• vendetta •
vin-det-ê • Hear it!
Part of Speech: Noun
Meaning: 1. A family feud in which one member avenges some kind of injury inflicted by a member of the other family. 2. A series of attacks against someone, a prolonged campaign against someone.
Notes: Today's word was nabbed unchanged from the Italian language, so it hasn't been able to develop an immediate English lexical family. A distant cousin is vindicate, which originally meant "to avenge". However, during the age of duels, when it was assumed that a duel settled a disagreement in favor of the survivor, the meaning changed to "clear of suspicion".
In Play: Perhaps the most famous vendetta was that of the McCoy family against the Hatfield family following the murder of Asa McCoy. Since the Hatfields reciprocated, it is known as the "Hatfield-McCoy Feud". It lasted from 1863 to 1891. However, violence need not be involved in a vendetta: "Izzy Badenoff claimed he was driven out of the general assembly by vendetta against him in the press."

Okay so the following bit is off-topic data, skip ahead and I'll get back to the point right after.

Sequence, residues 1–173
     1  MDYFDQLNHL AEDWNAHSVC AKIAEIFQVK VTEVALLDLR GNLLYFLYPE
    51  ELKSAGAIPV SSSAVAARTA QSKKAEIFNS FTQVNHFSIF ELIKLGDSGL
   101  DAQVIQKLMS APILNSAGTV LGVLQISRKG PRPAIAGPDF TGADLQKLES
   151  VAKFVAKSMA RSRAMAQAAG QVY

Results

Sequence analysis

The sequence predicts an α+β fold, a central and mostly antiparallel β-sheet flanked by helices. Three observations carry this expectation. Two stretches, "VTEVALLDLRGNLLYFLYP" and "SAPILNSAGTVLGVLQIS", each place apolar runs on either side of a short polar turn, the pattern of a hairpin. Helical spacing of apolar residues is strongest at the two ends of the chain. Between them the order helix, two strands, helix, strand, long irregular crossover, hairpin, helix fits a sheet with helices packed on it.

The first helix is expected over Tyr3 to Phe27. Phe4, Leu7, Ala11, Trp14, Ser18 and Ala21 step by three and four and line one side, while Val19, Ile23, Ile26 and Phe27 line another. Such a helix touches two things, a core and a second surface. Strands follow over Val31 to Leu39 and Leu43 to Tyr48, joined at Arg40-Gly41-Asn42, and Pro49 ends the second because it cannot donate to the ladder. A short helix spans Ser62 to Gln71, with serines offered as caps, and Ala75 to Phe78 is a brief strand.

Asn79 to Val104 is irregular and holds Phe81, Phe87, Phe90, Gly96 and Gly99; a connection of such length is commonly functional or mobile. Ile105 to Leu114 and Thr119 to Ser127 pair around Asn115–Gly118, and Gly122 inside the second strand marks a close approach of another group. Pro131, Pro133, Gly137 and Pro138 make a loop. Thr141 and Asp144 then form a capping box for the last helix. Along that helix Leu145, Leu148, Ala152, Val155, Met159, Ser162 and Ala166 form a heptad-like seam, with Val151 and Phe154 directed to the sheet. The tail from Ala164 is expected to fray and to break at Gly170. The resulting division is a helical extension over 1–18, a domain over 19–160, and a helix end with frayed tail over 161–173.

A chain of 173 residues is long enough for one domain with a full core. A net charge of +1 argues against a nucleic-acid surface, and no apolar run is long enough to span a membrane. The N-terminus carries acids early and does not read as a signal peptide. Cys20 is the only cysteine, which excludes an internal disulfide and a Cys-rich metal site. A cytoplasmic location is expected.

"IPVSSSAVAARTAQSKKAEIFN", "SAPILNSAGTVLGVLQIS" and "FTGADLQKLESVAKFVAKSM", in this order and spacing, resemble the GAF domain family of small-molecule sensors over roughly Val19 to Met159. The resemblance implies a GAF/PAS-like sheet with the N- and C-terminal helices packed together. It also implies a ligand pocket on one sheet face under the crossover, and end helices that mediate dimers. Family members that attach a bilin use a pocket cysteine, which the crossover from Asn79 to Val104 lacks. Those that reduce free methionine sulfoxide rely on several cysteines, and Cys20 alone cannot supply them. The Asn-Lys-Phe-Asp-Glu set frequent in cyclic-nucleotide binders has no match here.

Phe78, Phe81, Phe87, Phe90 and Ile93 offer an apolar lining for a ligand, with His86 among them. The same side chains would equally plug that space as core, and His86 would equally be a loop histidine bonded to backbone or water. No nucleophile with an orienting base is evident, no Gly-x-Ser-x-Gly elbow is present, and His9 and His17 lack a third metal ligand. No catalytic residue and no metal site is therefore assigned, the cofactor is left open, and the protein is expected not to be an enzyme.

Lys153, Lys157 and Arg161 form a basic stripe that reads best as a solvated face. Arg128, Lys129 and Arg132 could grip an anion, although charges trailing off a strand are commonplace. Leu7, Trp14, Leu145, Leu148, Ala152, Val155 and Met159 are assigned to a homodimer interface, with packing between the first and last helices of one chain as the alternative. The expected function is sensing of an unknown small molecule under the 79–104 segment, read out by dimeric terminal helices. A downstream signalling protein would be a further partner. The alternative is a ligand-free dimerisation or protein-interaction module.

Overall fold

Word History: Vendetta is an Italian word borrowed by English and never returned. Italian inherited the word from Latin vindicta "revenge", which underlies another English borrowing vindictive. Vindicta is made up of variants of vim (as in 'vim and vigor'), the accusative case of vis "strength, energy" + dictus "said, asserted, declared", the past participle of dicare "to say, assert, declare". Vis is the root of vir "man" via rhoticism. We see vir in the English borrowing virile "manly". Dicare goes back to PIE deik- "to show, pronounce solemnly", which turned up in English as teach. (Lest our prodigal son Albert Skyles be tempted into a vendetta, let's now thank him for his suggestion of today's historically and semantically fascinating Good Word.)
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